AUSTIN, Texas — Texas Gov. Greg Abbott has signed House Bill (HB) 3297, eliminating the state's vehicle safety inspection program for non-commercial vehicles, despite opposition from the Automotive Service Association (ASA).
The legislature approved the bill on May 23 and the governor signed it on June 13.
According to the bill, effective Jan. 1, 2025, Texas will eliminate the mandate for annual safety inspections for non-commercial vehicles, while retaining safety inspections for commercial vehicles and providing for vehicle emissions inspections where applicable.
Texas is one of about a dozen states that still mandate vehicle safety inspections.
Texas vehicle owners pay a $7 inspection fee at a licensed inspection center, often an auto repair shop, for a safety audit of about 20 vehicle components, including tires, wheel assembly, brakes, lights, steering, wipers and seat belts.
Supporters of the legislation said the impact of inspections on road safety is not strong enough to justify the program's existence and that the requirement is burdensome for people living in rural areas where inspection stations are not easily accessible.
They also argue that advances in vehicle technology have made inspections obsolete, as onboard diagnostic systems more accurately assess and diagnose any issues that would have been previously addressed during an inspection.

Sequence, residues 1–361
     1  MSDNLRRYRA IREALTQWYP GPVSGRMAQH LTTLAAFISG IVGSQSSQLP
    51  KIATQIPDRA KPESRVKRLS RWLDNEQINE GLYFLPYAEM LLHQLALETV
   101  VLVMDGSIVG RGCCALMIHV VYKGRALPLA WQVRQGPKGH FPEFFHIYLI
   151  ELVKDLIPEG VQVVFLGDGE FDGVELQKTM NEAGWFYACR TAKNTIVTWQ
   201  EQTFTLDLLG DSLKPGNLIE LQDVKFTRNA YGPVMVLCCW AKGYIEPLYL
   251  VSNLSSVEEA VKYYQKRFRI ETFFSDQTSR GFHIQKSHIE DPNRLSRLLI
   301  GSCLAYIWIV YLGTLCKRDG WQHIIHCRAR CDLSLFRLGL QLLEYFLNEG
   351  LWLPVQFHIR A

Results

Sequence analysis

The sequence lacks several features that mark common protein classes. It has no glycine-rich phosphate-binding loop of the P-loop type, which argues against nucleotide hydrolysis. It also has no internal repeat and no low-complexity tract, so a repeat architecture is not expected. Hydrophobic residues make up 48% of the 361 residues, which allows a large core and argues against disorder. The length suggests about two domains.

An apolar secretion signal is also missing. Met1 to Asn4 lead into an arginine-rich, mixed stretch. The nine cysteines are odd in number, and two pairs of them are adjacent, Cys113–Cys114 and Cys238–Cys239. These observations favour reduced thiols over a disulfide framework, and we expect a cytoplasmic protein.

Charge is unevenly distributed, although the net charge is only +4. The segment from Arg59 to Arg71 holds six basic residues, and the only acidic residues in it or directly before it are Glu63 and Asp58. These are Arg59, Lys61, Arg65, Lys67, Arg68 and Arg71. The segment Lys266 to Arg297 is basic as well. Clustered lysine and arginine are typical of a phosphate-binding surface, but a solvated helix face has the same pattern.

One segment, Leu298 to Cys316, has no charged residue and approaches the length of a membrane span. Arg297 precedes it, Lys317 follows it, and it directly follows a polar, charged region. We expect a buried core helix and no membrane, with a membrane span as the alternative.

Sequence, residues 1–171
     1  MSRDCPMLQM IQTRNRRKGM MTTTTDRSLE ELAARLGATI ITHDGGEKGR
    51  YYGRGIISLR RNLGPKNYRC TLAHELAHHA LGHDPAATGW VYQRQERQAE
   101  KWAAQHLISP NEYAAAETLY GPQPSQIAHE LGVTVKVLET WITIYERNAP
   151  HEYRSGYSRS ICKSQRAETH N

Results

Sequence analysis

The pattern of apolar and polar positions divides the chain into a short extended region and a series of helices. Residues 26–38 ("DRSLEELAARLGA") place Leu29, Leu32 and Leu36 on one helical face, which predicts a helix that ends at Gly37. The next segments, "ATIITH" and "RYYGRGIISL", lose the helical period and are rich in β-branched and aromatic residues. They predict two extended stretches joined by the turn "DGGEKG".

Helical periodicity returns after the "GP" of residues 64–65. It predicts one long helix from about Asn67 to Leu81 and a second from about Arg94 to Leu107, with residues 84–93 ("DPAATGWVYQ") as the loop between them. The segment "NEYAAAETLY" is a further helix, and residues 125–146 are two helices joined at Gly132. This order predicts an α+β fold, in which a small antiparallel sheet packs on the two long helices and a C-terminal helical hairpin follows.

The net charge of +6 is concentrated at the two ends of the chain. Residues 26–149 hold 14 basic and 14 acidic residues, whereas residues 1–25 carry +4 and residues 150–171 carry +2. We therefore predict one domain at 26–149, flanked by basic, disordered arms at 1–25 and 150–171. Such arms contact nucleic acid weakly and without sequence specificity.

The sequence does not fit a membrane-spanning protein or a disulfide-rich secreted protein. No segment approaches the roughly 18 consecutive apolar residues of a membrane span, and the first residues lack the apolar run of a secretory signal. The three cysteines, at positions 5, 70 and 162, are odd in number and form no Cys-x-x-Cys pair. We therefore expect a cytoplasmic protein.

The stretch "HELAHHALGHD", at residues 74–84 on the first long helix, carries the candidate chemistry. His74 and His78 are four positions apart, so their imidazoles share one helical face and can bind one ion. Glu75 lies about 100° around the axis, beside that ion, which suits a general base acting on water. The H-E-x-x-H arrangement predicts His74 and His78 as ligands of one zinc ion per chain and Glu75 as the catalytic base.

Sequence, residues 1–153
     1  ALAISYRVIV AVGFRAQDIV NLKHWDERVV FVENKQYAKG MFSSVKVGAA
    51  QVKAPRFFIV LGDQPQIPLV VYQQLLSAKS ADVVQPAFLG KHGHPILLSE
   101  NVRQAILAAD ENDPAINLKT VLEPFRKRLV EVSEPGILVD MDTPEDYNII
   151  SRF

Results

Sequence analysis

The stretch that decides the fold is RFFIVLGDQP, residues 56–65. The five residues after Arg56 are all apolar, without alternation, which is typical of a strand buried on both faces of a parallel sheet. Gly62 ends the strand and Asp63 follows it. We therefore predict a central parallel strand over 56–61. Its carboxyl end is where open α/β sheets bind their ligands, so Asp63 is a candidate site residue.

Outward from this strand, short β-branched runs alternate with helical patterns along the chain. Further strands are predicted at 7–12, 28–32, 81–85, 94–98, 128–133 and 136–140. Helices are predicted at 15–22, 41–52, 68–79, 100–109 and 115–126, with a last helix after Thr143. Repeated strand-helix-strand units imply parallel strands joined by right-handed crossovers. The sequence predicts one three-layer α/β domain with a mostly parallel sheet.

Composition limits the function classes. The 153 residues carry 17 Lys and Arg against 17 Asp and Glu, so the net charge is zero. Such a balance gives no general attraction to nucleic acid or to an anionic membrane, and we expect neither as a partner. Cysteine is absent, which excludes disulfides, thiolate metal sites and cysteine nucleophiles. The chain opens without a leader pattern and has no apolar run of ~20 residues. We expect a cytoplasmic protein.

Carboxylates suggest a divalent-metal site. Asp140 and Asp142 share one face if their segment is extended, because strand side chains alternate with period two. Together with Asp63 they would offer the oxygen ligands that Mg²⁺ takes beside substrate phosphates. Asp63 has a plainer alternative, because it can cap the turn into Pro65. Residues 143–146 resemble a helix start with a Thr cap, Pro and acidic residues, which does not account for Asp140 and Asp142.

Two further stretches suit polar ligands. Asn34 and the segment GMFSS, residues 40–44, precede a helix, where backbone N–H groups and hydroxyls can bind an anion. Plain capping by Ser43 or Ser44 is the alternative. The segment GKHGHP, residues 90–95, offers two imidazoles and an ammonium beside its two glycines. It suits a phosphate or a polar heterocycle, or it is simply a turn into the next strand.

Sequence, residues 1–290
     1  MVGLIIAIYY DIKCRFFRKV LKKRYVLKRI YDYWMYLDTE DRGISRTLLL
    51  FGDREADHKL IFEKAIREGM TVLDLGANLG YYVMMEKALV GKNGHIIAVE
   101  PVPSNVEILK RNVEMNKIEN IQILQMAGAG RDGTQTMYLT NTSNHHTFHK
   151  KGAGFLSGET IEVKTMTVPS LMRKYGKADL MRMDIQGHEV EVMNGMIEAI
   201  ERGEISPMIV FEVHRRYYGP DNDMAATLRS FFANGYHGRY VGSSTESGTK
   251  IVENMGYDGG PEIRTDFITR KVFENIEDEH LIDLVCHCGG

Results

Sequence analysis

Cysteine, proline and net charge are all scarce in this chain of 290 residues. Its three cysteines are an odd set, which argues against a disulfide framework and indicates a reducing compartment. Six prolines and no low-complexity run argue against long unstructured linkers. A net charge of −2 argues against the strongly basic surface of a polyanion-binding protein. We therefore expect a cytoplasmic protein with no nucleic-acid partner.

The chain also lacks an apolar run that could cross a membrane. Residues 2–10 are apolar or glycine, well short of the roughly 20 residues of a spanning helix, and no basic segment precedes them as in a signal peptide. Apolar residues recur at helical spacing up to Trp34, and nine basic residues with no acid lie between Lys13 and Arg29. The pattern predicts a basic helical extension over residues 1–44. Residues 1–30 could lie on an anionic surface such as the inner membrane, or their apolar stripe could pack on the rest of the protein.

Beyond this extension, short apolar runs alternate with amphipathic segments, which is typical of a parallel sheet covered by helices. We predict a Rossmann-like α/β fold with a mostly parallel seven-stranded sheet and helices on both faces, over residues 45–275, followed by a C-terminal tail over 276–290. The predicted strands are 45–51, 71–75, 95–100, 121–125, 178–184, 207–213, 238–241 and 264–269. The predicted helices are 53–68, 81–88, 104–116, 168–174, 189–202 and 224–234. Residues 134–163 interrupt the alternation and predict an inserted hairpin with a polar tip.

Yet supporters of state vehicle inspections, including the ASA, said research shows regular testing of a vehicle's tires, brakes, windshield wipers, lights, seatbelts and other components plays a critical role in preventing injuries, deaths and loss of property.
The ASA said it is a long-time supporter of vehicle safety inspections and opposed the Texas bill, in addition to legislation that would have decreased the required frequency of inspections.
Yamile Calles, who handles state vehicle inspections at Starkey Service Center in Dallas, told Tire Business she was concerned about the elimination of the state inspections.
"There's too many violations that are causing safety concerns and that could cost lives if not approached or addressed during a simple inspection," she said.
The shop conducts about 300 state vehicle inspections a week on average and some of the most common violations are excessive tire wear and little or no brake fluid, she said.
She said the shop only earns about a dollar from the safety inspection fee, and vehicles that don't pass inspection have 30 days to address the issues, so they don't have to get the service done at her shop.
"But that is not the point of an inspection, to gain business. It's more to maintain the safety of the community," she said.